Using Decision Support Systems to Improve Water Supply Planning and Operations

Authors:

  • Josh Weiss and Grantley W. Pyke - Hazen and Sawyer

For the New York City Department of Environmental Protection, we developed the Operations Support Tool (OST), a coupled water supply and quality model, to more accurately monitor and predict reservoir levels and turbidity conditions throughout the system.

Utilities are increasingly facing challenges that include cost constraints, aging infrastructure, increasing regulations, variable source water quality, impacts of droughts and other extreme events, and the need to balance competing stakeholder objectives. In increasingly complex systems that often include regional water supply issues, many utilities lack the robust, integrated analytical tools necessary to evaluate system vulnerabilities, make cost-effective capital decisions, and develop robust system operating policies. This presentation will demonstrate how Decision Support Systems (DSS) can be used along with forecasting information to support robust and efficient long-term planning, including evaluating the need and timing of capital expenditures and developing triggers for adaptive reservoir management.

A DSS developed for long-term planning can be expanded with data acquisition functionalities and near-term forecasts to support routine and event-based evaluation of alternative operating strategies. This approach provides a robust analytical basis for determining and documenting risk-based operations decisions in the near-term that, because it uses the same tools, is linked to long-term water supply planning. A DSS for operations support combines current system data with inflow forecast data and system operating rules to project the likely range of reservoir levels and water quality over the coming weeks and months. This presentation will demonstrate how a DSS can be used to help system managers make efficient and defensible operating decisions that best meet near-term objectives.

The expanded analytical capabilities afforded by a DSS can be perceived as a double-edged sword: they provide utilities with better actionable information, but typically will be based on risk that includes a non-zero chance of failure to meet one or more objectives. Further, since most water supply decisions will result in some objectives being met while others are not, managers relying on DSS output will need to defend decisions that explicitly fall short of meeting some set of objectives. At the same time, a DSS provides solid analytical support and documentation with which to defend decisions and demonstrate the risks associated with alternative policies. The risks of operating decisions will not have changed, but the water supply manager’s understanding of those risks will have improved. We will offer a perspective on how water supply managers and operators can use the probabilistic information provided by a DSS to make better decisions, both for long-term capital expenditures and near-term operating policies.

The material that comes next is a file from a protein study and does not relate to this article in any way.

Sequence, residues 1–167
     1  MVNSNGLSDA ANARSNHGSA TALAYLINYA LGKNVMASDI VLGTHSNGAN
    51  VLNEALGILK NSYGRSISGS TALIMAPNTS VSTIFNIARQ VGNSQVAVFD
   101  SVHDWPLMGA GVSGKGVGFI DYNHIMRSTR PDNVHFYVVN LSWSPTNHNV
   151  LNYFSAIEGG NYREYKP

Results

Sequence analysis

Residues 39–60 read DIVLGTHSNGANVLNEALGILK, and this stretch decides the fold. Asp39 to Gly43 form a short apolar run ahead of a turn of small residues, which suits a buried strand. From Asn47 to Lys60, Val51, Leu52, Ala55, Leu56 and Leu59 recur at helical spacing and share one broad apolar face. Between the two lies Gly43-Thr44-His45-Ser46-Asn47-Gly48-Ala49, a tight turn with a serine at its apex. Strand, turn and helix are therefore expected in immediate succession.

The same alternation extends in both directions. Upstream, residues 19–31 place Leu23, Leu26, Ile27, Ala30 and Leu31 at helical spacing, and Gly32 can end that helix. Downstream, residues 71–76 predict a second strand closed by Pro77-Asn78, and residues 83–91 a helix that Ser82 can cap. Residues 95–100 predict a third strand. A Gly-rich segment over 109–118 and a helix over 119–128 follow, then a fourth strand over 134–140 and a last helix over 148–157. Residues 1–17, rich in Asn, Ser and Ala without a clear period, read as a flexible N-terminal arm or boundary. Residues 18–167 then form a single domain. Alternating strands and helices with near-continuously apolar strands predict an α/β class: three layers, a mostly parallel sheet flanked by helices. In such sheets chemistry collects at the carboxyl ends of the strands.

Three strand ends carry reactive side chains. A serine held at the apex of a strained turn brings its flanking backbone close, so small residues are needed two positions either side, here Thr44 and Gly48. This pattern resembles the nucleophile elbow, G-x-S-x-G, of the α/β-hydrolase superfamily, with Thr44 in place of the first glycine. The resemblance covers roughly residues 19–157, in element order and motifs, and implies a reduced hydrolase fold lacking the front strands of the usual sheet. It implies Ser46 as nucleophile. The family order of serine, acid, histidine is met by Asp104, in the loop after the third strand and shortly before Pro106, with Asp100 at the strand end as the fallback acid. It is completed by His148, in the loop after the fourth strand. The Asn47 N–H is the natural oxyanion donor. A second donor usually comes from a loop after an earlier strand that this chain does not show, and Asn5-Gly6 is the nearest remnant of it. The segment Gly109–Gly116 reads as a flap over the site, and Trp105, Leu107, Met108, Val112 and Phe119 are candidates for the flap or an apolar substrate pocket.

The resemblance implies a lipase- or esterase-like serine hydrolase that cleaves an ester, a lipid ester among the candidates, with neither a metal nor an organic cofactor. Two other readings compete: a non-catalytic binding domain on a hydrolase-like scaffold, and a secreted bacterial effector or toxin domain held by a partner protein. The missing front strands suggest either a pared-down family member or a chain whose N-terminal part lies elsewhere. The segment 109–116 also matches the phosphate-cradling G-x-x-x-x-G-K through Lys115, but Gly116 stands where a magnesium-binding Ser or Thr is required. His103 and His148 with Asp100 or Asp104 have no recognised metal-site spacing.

This paper will provide an overview of the analytical tools available to water supply system managers and operators to support robust, multi-objective decision-making under increasingly complex and uncertain conditions. We will demonstrate how supply and demand forecasting tools can be combined into a single Decision Support System (DSS) that can be used in both long-term planning and near-term operations. We will draw upon our experiences developing and applying these analytical tools to systems facing widely different challenges, including Tampa Bay Water and New York City.

For more information, please contact the author at jweiss@hazenandsawyer.com.

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Horizons Fall 2017 (pdf)

Horizons showcases significant water, wastewater, reuse, and stormwater projects and innovations that help our clients to achieve their goals, and can help you achieve yours. Articles are written by top engineers and process group leaders, demonstrating and explaining the beneficial application of a variety of technologies and tools.

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